Orthopaedic Surgery as a Model for Drug Development in Thrombosis
Author: Dahl, Ola E.
Source: Drugs, Volume 64, Supplement 1, 2004 , pp. 17-25(9)
Publisher: Adis International
Abstract:Venous thromboembolism after total hip replacement or total knee replacement represents a significant complication of these surgical techniques, with profound clinical and economic consequences. As the detection of venous thromboembolism is particularly difficult in this setting, its prevention with thromboprophylactic agents is the most appropriate strategy. The anticoagulants currently used for thromboprophylaxis in orthopaedic surgery are injectable low-molecular-weight heparins (LMWHs) and oral coumarin derivatives such as warfarin. Orthopaedic surgery provides a good model with which to investigate the antithrombotic potential of novel agents, because of the relatively high venous thromboembolism event rates, and the opportunity to detect and quantify bleeding.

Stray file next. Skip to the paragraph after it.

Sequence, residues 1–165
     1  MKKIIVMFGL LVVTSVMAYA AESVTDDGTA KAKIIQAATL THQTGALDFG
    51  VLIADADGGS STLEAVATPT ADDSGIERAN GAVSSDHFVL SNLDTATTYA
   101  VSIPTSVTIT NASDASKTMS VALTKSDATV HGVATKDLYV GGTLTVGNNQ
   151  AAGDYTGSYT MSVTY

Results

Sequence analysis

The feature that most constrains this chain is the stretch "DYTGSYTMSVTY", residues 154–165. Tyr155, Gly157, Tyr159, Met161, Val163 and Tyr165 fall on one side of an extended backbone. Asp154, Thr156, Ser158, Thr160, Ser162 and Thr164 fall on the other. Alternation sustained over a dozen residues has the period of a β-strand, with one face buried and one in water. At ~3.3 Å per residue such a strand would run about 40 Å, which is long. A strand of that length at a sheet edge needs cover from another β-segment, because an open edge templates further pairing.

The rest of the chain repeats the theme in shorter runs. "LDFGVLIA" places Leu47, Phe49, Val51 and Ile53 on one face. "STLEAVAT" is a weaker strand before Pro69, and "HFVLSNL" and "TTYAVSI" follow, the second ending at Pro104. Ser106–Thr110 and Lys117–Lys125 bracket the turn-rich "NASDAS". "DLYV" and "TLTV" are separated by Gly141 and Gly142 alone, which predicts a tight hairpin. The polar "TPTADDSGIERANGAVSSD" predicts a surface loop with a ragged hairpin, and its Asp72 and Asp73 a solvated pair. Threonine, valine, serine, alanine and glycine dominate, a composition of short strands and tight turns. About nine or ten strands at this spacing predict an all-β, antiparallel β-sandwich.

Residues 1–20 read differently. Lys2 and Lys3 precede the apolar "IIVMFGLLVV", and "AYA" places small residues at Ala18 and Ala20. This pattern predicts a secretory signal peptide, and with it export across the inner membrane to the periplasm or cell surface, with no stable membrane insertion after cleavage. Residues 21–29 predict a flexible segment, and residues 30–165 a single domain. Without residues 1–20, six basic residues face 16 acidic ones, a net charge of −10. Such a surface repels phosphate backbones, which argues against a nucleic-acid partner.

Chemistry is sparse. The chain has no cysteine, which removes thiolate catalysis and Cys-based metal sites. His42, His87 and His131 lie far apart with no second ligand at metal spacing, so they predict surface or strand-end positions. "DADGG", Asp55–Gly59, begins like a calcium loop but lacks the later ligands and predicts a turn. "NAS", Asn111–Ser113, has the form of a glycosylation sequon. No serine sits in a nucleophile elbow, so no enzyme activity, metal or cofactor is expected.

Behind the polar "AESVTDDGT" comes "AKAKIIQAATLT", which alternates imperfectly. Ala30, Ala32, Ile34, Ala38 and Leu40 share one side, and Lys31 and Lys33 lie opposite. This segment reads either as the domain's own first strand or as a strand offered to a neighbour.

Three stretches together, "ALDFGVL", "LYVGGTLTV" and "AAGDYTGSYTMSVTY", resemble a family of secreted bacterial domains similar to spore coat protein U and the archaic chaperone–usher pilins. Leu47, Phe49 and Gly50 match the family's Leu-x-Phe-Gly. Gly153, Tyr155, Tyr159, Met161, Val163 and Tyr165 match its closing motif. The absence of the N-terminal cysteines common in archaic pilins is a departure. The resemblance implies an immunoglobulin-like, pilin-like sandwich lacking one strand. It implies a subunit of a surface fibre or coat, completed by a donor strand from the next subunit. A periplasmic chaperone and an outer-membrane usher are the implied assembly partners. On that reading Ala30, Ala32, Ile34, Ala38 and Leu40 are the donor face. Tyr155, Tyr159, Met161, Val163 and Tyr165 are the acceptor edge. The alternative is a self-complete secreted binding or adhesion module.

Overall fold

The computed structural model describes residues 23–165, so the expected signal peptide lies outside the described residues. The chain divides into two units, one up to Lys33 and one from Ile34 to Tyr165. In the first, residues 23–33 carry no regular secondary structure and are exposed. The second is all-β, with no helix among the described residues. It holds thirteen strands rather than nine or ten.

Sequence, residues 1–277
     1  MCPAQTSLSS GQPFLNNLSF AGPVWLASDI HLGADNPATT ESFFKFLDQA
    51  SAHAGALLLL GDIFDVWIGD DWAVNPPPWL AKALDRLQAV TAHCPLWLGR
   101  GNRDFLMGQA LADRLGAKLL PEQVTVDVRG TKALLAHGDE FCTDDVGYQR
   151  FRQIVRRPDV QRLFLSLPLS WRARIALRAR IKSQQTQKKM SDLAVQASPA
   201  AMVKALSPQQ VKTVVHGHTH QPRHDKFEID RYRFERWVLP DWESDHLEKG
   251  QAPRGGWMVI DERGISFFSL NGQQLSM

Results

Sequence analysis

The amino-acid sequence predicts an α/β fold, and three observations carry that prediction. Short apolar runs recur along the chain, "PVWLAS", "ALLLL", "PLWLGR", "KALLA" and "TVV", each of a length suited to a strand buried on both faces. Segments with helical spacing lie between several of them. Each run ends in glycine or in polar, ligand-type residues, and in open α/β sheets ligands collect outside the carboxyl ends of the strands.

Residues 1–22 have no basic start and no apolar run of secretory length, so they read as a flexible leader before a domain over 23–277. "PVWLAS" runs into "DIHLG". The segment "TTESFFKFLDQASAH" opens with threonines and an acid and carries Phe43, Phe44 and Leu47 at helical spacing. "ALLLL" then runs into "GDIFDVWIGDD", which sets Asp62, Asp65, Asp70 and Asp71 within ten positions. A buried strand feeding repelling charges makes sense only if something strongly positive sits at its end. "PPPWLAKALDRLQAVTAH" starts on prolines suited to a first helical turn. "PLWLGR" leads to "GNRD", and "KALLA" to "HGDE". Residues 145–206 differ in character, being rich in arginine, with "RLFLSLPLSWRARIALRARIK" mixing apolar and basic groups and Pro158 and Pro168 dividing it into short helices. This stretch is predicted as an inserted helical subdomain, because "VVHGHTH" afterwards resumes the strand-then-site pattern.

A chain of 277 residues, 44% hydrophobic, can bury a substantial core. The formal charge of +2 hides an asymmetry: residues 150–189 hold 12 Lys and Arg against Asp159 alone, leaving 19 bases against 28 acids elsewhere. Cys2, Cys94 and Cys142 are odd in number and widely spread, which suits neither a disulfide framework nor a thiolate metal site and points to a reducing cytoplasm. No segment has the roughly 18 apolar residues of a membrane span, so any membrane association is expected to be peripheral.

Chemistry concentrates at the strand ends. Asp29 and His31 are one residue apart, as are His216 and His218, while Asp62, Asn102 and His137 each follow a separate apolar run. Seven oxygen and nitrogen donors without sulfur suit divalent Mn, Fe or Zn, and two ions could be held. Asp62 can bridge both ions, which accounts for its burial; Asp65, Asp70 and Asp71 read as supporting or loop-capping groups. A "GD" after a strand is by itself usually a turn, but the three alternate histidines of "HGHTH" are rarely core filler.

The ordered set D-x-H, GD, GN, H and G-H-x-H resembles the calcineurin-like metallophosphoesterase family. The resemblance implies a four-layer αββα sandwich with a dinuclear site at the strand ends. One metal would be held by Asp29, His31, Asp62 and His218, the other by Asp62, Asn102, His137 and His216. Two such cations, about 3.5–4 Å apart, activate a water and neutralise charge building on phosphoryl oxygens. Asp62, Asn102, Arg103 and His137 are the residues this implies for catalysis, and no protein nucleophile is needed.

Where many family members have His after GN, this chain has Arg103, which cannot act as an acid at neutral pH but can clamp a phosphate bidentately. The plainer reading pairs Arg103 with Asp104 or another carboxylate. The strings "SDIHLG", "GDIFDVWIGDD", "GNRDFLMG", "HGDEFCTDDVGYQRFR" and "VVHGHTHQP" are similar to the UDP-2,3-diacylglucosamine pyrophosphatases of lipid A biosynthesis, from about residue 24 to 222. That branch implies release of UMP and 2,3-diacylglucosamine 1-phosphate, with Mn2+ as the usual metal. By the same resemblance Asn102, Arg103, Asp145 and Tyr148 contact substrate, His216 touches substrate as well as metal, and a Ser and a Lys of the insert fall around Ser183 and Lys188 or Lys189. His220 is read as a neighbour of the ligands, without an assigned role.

This paper provides an overview of the clinical burden of venous thromboembolism in orthopaedic surgery and the benefits and limitations of current thromboprophylactic modalities. In addition, geographical differences in treatment regimens regarding the choice of agent, timing of initiation and duration of thromboprophylaxis, and how these influence the incidence of venous thromboembolism, will be discussed.
Document Type: Review Article
Affiliations: Department of Orthopaedics, Buskerud Central Hospital, Section for Joint Implants and Medical Science, Drammen, Norway
Publication date: 2004